And God bless Sens Ted Cruz (R-TX), Marco Rubio (R-Fl), and Mitch McConnell (R-KY) for their assistance in this heroic endeavor. And a shout out to Sen Ron Wyden (a Democrat) for laying aside partisan differences. Sen Paul could not have lasted 13 hours without their orchestrated questioning.
As for Sens John McCain (Elitist-AZ) and Pansy Graham (Scalawag-NC), they have shown that all they care about is eating at the Sultan’s table. They have drunken deep from the well of Wilsonian militarism. I pray that their scrurrilous petulance will be the death-knell of Neoconservatism and all American crusaderism. It was uncalled for and Paul was right to castigate them with these ciceronic words: “is the entire world your battlefield?”
But enough of yesterday’s men. What Paul did was take us back to the foundations of our liberty. Does the President have the right to kill Americans on American soil based solely on a whim? And for what it’s worth, this same question was addressed to President Bush. Several of his key advisors (including Vice President Dick Cheney) told him he had the right to take executive action against suspected terrorists. He refused. It would be right for us to remember that, especially those who lay all the problems of the present Administration at Bush’s feet. That the current Attorney General Eric Holder went to great efforts to avoid answering Paul’s question, is no credit to him and present liberal regime. (MSNBC was curiously quiet.) Paul is to be commended for holding his feet to the fire and getting him to give an answer in black and white.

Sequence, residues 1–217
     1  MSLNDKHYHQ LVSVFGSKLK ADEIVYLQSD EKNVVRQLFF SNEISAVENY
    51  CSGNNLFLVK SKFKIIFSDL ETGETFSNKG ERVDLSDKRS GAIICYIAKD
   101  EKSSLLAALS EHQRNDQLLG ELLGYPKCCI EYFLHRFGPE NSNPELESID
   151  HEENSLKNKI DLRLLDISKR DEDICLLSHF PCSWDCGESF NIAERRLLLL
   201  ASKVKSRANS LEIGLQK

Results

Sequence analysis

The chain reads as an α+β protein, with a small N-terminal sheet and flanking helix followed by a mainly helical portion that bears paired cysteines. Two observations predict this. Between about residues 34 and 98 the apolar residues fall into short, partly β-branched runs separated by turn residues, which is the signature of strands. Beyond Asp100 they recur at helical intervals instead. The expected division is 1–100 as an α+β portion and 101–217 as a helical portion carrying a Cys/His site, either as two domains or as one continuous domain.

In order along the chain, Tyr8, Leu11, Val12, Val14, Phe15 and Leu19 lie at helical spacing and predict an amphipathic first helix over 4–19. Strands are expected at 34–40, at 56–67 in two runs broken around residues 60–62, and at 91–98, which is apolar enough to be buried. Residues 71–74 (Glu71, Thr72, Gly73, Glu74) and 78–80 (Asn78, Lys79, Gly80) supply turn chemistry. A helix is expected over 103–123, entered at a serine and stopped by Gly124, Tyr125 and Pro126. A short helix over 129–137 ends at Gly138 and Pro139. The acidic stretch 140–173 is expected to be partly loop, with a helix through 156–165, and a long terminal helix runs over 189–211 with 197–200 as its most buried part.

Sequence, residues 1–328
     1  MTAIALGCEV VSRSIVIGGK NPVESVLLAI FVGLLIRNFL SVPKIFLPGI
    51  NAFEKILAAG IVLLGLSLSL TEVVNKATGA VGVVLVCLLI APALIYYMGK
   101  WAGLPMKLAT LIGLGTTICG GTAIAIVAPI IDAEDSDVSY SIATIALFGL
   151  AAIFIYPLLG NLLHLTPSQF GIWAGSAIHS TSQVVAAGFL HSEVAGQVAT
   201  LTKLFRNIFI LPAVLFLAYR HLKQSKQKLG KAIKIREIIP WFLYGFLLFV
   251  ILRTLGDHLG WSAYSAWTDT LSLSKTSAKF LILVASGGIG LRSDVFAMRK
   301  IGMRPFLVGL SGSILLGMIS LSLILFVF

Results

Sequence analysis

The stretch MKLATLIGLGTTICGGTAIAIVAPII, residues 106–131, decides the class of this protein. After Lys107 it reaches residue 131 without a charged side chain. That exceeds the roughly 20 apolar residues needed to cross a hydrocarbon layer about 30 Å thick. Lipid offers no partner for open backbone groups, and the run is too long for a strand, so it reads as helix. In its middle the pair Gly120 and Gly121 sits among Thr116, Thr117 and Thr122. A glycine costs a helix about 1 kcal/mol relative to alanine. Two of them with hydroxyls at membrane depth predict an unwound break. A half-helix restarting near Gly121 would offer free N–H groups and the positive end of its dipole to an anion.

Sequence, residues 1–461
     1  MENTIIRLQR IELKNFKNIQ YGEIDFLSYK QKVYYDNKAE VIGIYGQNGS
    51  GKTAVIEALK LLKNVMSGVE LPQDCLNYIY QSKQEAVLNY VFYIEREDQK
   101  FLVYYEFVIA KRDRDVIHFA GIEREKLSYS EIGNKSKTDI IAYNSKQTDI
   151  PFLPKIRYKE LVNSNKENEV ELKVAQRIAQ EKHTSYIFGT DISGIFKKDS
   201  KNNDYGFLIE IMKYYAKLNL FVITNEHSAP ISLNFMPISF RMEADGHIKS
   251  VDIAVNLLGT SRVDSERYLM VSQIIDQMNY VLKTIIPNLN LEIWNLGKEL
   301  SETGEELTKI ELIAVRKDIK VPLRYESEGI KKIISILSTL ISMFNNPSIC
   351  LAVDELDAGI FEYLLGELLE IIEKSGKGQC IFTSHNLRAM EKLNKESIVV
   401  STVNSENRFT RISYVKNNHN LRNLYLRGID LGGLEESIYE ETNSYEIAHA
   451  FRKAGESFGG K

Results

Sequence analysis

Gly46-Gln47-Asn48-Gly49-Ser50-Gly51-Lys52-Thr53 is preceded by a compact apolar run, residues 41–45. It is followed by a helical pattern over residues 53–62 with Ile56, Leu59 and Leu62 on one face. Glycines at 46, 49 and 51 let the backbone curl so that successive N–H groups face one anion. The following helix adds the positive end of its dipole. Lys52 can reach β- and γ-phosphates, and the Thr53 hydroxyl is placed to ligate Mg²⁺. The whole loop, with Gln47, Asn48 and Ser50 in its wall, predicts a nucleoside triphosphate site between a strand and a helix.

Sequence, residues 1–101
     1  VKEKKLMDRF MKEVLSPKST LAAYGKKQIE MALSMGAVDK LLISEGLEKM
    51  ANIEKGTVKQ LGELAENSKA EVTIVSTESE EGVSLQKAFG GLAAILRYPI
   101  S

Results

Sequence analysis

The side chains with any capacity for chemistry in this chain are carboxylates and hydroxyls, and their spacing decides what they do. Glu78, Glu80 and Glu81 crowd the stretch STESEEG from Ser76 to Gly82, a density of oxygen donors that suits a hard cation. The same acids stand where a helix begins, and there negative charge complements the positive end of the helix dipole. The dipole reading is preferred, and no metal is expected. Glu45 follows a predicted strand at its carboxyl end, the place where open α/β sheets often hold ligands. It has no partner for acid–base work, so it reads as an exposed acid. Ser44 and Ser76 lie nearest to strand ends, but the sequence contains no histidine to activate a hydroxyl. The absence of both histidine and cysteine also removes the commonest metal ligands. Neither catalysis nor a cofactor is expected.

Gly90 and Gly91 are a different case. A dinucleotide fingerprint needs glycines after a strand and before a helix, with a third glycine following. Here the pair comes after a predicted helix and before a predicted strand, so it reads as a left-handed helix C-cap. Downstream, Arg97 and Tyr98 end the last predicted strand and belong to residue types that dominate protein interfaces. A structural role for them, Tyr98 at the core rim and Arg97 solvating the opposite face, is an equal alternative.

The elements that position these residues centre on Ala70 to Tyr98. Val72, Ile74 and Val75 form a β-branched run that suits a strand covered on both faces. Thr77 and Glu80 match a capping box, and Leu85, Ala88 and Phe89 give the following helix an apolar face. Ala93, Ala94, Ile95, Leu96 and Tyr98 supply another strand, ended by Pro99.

It is possible that Paul breathed new life into the dying husk of the Republican Party. Time will tell. Regardless, all who support liberty and our Constitution owe Rand Paul a hearty “thank you.”
Source: Roll Call | By Niels Lesniewski
Rand Paul Filibuster Spectacle Rivets Senate
“I will speak until I can no longer speak.”
Those can be famous words when spoken on the Senate floor, worthy of — at minimum — a footnote in the annals of Senate history.
Sen. Rand Paul on Wednesday was the latest to utter such words in the chamber shortly before noon, announcing that he would begin a live, “talking filibuster” of President Barack Obama’s choice of John O. Brennan to be the next director of the CIA.